- Another Time, Another Place: A classic old CCM duet. Amber nailed her Sandi Patti impression. As for Michael English on the Wayne Watson part… I’m trying really hard not to be snarky here, but suffice it to say Amber is so much clearer and more listenable that it just becomes distracting at a certain point. While Michael is breathing his way around the melody, Amber is just, well, singing it. I have to wonder what this would have sounded like with Riley Clark, Andrew Goldman, Wes Hampton, or any number of other talented young singers. For that matter, Wayne Watson himself is still sounding good pretty good these days by comparison.
- Be Thou My Vision: Amber is joined by her family here, so it’s been suggested that this should have been reserved for another Nelons hymns album. But I can’t complain about its inclusion on this project. The arrangement is tasteful, richly layered and haunting.
- What Do You Say?: This song has a weak melody, and the bridge doesn’t show off the most pleasing aspects of Amber’s voice. She leaps up an octave and begins belting out the lyrics, but the high range combined with the choppy tune gives her voice a strained, shouty sound. This distracts from the meaning. Bluntly put, heart-tugging stories about cancer patients need to be complemented by melodies that keep you listening long enough to get invested in them.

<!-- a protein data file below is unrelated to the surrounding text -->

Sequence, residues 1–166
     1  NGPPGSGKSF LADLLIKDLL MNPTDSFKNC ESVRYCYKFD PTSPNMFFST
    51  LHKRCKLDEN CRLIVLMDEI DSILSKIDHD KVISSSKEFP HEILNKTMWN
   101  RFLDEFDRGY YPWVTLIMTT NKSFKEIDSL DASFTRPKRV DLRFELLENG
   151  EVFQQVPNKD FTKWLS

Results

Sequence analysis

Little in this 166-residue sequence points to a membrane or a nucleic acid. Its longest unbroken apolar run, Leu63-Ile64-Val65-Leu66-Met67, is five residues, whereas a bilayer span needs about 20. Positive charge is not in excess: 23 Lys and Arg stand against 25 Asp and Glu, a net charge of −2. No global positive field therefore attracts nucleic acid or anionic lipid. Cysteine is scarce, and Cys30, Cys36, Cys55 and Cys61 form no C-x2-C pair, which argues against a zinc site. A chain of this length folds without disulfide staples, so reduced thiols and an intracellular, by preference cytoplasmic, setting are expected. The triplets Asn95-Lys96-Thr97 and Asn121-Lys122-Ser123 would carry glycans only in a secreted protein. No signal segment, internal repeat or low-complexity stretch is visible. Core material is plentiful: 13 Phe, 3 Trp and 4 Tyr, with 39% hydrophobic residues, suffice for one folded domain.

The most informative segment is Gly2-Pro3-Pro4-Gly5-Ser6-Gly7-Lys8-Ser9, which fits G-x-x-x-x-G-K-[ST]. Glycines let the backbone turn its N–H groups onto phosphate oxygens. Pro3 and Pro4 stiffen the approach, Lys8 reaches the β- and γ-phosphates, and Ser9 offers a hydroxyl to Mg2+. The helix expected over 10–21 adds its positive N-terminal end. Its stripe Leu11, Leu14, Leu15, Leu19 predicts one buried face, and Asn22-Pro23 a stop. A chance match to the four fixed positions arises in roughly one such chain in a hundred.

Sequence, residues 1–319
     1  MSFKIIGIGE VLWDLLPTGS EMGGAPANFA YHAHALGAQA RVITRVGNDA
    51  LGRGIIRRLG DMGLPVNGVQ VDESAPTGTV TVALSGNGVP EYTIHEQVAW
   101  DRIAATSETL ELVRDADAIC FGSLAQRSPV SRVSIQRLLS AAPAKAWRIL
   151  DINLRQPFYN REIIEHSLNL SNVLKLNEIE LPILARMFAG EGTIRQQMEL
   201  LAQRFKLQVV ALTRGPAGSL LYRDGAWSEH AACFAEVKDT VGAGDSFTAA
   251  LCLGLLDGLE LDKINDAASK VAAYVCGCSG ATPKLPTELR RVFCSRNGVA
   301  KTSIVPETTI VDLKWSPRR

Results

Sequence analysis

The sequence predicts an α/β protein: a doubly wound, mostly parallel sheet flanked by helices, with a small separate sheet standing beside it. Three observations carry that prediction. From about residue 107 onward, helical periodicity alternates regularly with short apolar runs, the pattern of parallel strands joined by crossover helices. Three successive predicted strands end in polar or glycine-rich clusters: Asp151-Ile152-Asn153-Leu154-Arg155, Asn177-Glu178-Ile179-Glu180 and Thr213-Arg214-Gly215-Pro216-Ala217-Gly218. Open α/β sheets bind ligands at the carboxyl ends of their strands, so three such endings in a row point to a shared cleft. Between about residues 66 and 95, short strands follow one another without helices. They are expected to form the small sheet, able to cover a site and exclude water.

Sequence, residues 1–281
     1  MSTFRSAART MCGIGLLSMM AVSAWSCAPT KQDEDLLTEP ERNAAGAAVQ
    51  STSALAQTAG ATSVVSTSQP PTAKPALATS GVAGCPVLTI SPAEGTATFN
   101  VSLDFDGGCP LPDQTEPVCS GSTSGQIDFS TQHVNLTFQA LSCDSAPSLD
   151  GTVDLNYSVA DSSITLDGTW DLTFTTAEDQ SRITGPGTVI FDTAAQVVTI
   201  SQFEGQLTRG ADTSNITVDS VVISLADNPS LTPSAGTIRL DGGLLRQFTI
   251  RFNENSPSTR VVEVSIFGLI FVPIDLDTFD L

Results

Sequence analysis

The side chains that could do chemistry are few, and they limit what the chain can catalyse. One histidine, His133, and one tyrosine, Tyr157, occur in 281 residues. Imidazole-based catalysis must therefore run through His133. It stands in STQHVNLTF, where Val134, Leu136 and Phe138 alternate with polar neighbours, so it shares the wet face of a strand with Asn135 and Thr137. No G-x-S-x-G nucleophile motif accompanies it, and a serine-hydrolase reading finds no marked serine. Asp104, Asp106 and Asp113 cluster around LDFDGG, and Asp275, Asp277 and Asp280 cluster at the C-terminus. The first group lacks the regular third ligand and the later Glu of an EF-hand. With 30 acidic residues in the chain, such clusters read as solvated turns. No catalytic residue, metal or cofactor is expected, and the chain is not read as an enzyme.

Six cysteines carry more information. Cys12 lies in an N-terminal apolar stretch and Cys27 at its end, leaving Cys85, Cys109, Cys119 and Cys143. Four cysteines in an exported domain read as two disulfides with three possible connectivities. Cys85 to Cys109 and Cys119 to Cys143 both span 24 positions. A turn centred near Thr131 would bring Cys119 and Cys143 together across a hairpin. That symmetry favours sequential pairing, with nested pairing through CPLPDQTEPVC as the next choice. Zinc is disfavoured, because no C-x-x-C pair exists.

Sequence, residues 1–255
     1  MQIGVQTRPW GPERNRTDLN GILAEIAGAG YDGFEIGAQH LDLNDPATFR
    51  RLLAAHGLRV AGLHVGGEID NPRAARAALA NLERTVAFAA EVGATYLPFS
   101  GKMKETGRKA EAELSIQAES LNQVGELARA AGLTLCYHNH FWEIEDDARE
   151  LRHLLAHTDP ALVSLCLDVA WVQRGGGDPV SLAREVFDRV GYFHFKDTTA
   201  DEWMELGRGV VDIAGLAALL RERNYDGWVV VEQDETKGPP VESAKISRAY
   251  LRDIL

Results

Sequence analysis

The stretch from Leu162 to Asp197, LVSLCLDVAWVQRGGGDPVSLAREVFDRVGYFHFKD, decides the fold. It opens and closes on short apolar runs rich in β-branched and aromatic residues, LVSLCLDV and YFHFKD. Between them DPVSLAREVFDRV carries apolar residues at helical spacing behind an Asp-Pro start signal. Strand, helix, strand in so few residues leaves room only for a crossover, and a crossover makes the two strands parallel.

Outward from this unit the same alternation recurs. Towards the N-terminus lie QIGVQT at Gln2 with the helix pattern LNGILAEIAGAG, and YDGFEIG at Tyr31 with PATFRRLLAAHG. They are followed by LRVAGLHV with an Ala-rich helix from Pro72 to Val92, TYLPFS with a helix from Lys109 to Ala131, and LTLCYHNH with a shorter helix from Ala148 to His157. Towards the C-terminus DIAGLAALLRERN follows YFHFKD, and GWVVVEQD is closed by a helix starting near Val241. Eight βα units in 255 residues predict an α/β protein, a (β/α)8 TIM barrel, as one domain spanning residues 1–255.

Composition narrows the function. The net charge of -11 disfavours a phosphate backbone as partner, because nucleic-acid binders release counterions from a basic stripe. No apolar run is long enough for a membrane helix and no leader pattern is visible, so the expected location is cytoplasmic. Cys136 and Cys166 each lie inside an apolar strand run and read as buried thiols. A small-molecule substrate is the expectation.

- Without Your Love: Ah, now this is a duet I can get into: Amber plus Joseph Habedank. Joel Lindsey’s golden songwriting touch is apparent on this tune. He can write a perfect inspirational pop ballad. He’s the king of “Good Schmaltz”: songs like a chocolate cheesecake, on the sweet side, but melodies so rich you want to sink your teeth into them again and again.
- Grateful: This is the Keith Urban-ish single. Country instruments, pop vocals. Nothing too deep here.
- God is Always Good: Really nice MOR with a classy 90s feel. Sort of like something Scott Krippayne might have written and recorded back in the day. One thing I like about it is that the arrangement isn’t pushed to overblown heights. It reaches a nice little peak, then quietly draws to its conclusion without muscling its way through a bridge and two key changes to get there.
- Give it to Jesus: A power ballad that wouldn’t feel out of place on American Idol, but in a nice way. While Amber does get to show off her chops and her range on this one, the melody actually goes somewhere, and she stays in vocal control the whole way. This track gives us a sense of what Amber might have gone on to do had she capitalized on that golden ticket. (For those of you who are unfamiliar with the story of what happened there, click here.)